Just days after being suspended by MSNBC for his homophobic remarks toward a photographer, Alec Baldwin is making headlines again.  This time,the actor blasts the media, Congress and Mayor Michael Bloomberg as he threatens to quit acting.

Photo by Andrew H. Walker/Getty Images

Baldwin's rant, which was featured in a column for the Huffington Post, includes jabs at Washington for people's frustration and obsession with the private lives of celebrities.

This country's obsession with the private lives of famous people is tragic.

It's tragic in the sense that it is so clearly a projection of people's frustration about their government, their economy, their own spiritual bankruptcy.  You have no voice in Washington.

Baldwin pulls no punches in attacking the media, accusing them of provoking him constantly with their cameras, which he calls weapons.  How does Mayor Bloomberg fit into Baldwin's rage?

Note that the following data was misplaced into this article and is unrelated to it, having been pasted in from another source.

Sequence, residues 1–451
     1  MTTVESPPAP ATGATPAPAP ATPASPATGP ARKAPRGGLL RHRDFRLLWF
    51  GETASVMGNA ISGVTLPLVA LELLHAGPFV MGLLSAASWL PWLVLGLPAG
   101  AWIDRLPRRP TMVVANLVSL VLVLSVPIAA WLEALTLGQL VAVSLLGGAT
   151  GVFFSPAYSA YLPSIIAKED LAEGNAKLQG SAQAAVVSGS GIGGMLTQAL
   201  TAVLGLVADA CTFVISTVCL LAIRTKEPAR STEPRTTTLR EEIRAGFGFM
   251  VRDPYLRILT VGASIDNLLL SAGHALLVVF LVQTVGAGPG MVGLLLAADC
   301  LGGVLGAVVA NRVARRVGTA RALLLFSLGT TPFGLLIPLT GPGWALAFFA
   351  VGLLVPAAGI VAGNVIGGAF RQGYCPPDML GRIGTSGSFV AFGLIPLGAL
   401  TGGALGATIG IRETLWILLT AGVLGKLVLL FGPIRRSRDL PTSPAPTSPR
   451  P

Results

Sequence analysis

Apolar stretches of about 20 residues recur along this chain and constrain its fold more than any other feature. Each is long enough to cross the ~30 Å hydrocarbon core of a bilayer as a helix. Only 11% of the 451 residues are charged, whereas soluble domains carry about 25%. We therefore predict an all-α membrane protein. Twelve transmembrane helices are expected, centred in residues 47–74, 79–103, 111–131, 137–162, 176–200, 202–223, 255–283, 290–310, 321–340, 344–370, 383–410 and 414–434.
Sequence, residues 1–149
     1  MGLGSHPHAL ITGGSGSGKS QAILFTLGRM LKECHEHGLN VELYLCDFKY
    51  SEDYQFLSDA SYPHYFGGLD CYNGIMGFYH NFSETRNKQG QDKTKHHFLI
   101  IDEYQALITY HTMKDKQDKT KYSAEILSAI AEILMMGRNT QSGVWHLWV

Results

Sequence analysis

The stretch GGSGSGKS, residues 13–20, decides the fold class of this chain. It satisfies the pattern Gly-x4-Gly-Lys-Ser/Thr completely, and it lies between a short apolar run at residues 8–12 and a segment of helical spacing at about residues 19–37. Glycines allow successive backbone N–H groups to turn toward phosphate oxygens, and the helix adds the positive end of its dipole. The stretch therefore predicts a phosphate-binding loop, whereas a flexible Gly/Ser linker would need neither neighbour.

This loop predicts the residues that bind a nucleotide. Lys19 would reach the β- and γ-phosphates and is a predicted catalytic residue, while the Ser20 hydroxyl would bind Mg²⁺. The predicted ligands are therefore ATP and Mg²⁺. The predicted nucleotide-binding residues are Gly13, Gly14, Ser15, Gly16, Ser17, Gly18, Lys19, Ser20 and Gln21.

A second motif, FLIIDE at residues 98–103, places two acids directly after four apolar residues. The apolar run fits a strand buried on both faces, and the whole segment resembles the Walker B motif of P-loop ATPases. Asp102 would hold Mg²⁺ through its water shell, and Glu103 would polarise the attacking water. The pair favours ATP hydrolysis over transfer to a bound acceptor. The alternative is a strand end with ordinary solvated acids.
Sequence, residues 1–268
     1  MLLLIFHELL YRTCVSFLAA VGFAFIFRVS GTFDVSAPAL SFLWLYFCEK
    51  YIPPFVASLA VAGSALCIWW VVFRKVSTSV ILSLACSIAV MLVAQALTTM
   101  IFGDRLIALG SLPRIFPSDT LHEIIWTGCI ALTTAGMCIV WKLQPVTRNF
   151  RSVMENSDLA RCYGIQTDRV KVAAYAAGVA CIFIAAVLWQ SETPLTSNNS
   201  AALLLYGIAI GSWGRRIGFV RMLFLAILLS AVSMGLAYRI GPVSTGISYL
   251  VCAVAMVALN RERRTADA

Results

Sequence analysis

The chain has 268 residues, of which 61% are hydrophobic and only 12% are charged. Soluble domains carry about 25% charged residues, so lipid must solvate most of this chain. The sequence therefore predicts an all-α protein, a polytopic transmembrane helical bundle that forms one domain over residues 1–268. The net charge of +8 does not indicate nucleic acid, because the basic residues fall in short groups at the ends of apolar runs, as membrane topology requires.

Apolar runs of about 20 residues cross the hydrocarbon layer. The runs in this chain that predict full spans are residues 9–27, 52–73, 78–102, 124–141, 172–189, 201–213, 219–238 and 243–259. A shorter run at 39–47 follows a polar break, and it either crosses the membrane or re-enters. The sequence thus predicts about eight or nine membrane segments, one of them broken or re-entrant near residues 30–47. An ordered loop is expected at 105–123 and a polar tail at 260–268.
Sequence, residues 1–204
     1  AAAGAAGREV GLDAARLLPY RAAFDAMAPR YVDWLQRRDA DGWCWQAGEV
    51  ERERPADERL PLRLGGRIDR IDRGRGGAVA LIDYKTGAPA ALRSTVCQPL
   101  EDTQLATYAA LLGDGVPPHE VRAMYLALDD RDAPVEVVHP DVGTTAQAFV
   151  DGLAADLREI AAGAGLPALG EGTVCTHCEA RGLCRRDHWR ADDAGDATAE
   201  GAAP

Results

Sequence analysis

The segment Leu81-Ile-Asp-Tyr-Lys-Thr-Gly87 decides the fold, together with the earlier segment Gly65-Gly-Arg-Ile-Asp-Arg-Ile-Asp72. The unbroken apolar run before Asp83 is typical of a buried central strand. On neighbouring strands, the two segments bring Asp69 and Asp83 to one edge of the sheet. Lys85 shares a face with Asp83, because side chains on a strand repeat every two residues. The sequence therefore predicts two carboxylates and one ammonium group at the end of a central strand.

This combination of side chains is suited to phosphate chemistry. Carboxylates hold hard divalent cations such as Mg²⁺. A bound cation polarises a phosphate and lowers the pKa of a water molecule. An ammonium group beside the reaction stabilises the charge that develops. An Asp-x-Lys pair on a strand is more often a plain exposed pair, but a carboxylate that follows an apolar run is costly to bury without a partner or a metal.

In Bloomberg's New York, 40 or 50 paparazzi are allowed to block streets, inconvenience homeowners, workers and shoppers, and make life miserable for my neighbors.

They provoke me daily, by getting dangerously close to me with their cameras as weapons, hoping I will react.

When I do, the weapon doubles as a device to record my reaction.

The actor goes on to say that if quitting acting, in all its forms, is necessary to keep his family safe and at peace, then it won't be a tough call for him to make.

Baldwin's talk show on MSNBC is faltering in the ratings and could face cancellation, but he doesn't seem too fazed by that.  The talk show has only been on air since last month and according to the nydailynews.com, lost 41% of adults 25-54 during the first month on air.

Do you think Alec Baldwin has a point?  Are we too obsessed with celebrities?  I'm not buying the connection with Congress.  People are interested in those that are famous, whether the economy is good or bad.